Three sisters sat around a worn worktable with a glass of brandy at each of their elbows. The table was plain but sturdy, clearly crafted by basic tools and competent hands. There were candles flickering listlessly in evenly spaced sconces. The table faced a large stone hearth sporting a roaring fire that radiated light and warmth. One sister read a seemingly endless scroll listing countless names. Spread out before them were three piles of ancient drachmas, bearing the faces of men and buildings fallen long ago.
An old abandoned loom sat in the corner of the room, bearing a seemingly incomplete tapestry. The threads were covered in dust and frayed. Moths and mice had eaten through the once vibrant threads. Time had taken the splendor of the dyes, leaving it faded and dull. However even time could not cover the glory the tapestry once held. For The Tapestry it truly was. Mankind’s entire history was shown within its weaves. Every man’s life was portrayed in a single thread. Every separate thread was woven together to tell the history of the world. Or rather, every life that had existed a certain point. With the rise of Christianity the weavers of the great tapestry had simply stopped their work and moved on to other things. Leaving The Tapestry to fade into legend and become a quaint metaphor for poets to use.
“You cheated!” one of the sisters declared loudly, as the other passed her the scroll and nine strange dice. Two of the dice were average looking, with dots on each side ranging from one to six. Six more had no numbers, but simply coloration; three sides of this set were white and the other three sides black. The ninth dice was the most peculiar of the lot. On its surface were four engraved pictures, a noose, a sword, two cliffs, and two skulls.
“You can’t influence the power of the dice!” the accused sister protested before stealing a look at the list of names. “Now roll. Young Mr. Green needs to have his fate chosen.”
“What’s your bid, Roe?” The holder of the scroll asked her other sister, who had once determined the nature of a person’s death.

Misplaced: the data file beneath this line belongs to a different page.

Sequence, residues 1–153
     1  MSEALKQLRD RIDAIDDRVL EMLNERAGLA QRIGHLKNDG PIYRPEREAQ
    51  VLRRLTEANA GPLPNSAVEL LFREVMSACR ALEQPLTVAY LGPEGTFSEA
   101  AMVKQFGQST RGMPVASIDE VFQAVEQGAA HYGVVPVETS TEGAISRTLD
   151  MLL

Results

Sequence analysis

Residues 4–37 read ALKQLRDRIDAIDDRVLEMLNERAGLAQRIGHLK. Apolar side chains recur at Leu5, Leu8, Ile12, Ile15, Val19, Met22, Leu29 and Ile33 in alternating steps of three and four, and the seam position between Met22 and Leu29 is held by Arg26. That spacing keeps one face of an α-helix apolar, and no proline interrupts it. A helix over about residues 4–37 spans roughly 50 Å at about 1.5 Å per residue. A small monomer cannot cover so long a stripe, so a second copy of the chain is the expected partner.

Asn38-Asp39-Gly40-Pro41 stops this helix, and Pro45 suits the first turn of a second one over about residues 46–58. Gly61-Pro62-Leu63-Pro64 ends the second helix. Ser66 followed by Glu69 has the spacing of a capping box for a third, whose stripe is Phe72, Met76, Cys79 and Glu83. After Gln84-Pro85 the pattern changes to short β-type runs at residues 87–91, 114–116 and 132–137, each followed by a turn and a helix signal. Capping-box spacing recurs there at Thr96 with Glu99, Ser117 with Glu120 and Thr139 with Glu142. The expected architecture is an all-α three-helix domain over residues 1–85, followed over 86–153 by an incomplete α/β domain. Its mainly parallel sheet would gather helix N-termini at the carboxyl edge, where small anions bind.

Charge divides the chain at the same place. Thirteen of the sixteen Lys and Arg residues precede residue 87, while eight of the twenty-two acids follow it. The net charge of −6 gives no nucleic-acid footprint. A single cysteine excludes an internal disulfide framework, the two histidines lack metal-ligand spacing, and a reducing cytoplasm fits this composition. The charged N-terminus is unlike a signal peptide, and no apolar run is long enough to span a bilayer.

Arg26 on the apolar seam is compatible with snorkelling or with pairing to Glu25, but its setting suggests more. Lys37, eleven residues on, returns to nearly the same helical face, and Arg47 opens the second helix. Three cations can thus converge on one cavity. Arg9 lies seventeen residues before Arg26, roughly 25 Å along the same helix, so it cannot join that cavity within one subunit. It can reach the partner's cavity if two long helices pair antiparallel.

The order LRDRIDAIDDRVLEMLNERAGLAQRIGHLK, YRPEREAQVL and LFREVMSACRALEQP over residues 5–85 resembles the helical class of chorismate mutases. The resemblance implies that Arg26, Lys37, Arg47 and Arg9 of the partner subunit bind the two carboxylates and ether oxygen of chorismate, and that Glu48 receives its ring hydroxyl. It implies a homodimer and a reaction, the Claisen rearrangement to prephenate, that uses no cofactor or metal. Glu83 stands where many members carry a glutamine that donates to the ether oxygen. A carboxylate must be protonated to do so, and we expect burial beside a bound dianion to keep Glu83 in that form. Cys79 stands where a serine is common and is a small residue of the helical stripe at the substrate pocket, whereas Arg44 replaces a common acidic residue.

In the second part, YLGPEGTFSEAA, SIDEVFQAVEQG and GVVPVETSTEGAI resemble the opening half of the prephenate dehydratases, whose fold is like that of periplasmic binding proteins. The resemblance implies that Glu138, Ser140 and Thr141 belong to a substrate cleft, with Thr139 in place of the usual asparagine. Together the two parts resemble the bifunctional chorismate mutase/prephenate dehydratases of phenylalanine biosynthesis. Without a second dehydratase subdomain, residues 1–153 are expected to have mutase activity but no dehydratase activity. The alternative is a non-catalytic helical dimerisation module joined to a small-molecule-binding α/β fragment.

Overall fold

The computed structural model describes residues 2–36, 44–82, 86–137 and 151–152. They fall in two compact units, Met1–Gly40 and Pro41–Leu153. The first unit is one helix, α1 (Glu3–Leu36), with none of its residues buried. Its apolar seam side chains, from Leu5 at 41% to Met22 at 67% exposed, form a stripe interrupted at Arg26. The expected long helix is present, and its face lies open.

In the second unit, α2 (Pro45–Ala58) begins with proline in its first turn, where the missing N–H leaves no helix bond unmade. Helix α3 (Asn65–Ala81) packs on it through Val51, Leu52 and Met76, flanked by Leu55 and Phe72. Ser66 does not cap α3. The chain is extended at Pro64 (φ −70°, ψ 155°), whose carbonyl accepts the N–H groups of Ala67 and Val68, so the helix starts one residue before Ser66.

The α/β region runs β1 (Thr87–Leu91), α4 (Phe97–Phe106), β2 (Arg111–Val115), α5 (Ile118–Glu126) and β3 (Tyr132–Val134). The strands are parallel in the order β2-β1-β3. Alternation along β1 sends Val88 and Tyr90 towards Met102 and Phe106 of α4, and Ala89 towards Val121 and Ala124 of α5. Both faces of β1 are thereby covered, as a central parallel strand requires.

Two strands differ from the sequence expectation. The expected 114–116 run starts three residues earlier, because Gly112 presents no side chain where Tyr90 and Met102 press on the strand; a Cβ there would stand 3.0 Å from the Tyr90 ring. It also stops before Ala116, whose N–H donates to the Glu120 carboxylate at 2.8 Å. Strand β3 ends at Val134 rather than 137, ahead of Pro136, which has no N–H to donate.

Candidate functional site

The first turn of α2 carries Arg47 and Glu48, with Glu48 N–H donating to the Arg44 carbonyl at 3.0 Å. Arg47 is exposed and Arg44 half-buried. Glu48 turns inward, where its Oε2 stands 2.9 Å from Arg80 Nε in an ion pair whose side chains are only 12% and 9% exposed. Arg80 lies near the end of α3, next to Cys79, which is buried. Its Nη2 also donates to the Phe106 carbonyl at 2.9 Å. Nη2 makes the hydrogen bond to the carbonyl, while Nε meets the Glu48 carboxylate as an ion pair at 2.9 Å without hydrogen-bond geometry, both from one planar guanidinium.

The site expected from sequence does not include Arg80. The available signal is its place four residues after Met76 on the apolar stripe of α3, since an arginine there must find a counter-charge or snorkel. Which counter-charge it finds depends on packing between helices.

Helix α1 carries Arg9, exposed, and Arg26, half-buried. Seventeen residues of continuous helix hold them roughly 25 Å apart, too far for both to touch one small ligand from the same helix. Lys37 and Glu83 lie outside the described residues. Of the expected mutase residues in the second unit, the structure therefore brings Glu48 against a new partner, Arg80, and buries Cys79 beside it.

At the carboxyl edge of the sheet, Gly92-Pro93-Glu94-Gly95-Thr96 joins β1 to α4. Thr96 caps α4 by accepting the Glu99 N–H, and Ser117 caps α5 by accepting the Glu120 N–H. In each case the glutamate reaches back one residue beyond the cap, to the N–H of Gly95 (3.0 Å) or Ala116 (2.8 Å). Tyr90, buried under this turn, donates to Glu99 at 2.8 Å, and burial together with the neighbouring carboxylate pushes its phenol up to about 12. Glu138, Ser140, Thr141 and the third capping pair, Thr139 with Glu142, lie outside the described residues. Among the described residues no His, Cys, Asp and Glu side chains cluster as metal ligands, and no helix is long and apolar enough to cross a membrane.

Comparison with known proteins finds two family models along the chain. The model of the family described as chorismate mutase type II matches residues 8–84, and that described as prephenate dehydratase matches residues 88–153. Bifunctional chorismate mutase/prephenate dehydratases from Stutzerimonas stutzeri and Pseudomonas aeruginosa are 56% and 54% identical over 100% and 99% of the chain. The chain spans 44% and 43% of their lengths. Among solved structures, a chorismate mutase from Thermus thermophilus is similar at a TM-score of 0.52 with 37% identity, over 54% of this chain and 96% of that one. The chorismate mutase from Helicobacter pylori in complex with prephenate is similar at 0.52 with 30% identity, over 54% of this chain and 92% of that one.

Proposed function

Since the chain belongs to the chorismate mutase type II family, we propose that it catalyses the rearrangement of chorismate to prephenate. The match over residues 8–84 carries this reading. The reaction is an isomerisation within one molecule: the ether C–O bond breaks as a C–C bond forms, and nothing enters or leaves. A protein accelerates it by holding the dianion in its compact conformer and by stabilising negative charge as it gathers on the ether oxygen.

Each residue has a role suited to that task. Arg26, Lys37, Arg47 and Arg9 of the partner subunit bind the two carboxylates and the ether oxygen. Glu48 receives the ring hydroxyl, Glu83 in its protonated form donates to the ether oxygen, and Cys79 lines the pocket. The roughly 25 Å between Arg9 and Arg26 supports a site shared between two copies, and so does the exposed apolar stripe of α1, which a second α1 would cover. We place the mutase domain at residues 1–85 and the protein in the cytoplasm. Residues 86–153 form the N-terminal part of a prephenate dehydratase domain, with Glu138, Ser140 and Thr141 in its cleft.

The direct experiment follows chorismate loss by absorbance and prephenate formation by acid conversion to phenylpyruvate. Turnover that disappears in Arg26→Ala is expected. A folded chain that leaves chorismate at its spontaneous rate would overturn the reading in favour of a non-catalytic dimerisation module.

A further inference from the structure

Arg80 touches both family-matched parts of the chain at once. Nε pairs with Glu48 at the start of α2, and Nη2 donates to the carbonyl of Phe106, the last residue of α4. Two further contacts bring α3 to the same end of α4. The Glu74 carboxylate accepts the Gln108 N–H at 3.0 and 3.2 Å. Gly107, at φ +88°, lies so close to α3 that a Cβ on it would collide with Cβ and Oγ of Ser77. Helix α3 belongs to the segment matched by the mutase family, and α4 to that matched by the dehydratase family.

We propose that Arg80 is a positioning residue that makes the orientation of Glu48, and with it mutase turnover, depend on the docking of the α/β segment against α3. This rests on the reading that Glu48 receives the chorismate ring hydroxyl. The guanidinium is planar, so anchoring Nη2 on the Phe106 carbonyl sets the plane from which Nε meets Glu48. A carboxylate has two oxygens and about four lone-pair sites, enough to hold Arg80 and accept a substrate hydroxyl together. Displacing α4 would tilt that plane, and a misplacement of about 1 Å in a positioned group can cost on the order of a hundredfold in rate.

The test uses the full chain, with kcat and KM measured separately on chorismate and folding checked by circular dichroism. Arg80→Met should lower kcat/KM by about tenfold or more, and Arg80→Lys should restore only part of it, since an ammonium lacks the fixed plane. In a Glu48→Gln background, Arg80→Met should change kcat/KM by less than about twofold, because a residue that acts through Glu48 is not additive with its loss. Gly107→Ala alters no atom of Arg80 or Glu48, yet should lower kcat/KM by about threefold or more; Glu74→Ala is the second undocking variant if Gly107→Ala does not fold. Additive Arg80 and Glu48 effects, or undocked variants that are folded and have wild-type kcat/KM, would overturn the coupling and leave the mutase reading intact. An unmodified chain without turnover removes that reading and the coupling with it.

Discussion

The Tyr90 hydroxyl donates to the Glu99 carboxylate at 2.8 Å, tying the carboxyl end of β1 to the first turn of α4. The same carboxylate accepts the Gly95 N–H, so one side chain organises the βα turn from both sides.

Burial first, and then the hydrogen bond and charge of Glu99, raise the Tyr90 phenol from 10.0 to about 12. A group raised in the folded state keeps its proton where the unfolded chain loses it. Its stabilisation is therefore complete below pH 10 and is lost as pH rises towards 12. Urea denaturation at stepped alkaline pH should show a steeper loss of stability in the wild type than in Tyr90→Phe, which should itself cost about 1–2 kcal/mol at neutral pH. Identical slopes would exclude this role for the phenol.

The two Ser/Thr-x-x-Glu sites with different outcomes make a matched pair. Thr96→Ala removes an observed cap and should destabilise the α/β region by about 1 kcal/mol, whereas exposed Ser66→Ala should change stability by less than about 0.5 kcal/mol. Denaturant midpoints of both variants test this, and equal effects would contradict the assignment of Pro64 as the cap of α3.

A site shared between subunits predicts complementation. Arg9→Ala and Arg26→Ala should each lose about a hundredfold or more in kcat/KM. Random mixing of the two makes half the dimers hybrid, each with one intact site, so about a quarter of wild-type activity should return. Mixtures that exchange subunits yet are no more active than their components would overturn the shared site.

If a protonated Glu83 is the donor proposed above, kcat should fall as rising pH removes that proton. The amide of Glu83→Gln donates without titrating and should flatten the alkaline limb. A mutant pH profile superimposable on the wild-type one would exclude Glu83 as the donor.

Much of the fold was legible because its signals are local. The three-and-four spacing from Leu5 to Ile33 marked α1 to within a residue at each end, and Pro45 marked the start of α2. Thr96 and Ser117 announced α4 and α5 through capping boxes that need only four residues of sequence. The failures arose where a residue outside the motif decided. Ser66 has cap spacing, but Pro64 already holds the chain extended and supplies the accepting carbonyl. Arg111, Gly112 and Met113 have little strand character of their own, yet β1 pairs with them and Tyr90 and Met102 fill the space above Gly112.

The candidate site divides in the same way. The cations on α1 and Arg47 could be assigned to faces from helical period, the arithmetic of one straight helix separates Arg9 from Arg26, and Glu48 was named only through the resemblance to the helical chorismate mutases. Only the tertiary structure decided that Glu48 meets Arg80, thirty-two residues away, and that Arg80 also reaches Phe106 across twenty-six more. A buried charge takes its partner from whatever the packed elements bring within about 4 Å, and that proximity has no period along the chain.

Atropos sighed thoughtfully, “I’ll give him till his sixtieth decade, with an even split life, and a gruesome illness to seal his fate.” She said the last bit with a gleam in her eye, as if truly planning the man’s death.
“A goodly life with much of joy, one black to five white.” Lachesis, who had been accused of cheating earlier, declared, “A tragic illness shall end him in his fifth decade.”
“That’s my wager!” Atropos protested.
“Precisely! And since you are the one who dealt death, I could never disagree with you.”
Athropo snorted, “Says she who measured the life thread, I only dealt death. I had no say in the length of a man’s life.”
“Normal wagers?” Clotho, the Fate who spun the thread of life, asked over their bickering. The other two sisters agreed and she cast the dice. They rolled across the table and stopped. Clotho, examined them and declared the results. “Three and three get’s sixty years.” She said reading the number dice. “He’ll lead a happy life with a light dark balance of five light, and one dark. Finally, the skull reveals he dies by illness, but which illness and in precisely what year is unknown.” Then she dropped the mystic act and said, “Since both of you were incorrect, and since neither of you were closer to right, no one wins the round.” She passed the scroll to Lachesis and the game continued with Clotho and Atropos making wagers on the next soul’s fate.
“Who’s next Sis?” Athropo asked.
“A young Alexander Smith.”
“Oh! That reminds me of our Alexander!” Clotho exclaimed. “Do you remember drawing Alexander’s fate, sisters? The one they called Great? Of, course we knew that he would be great before the Greeks even knew his name. We wove him to be so in the tapestry.”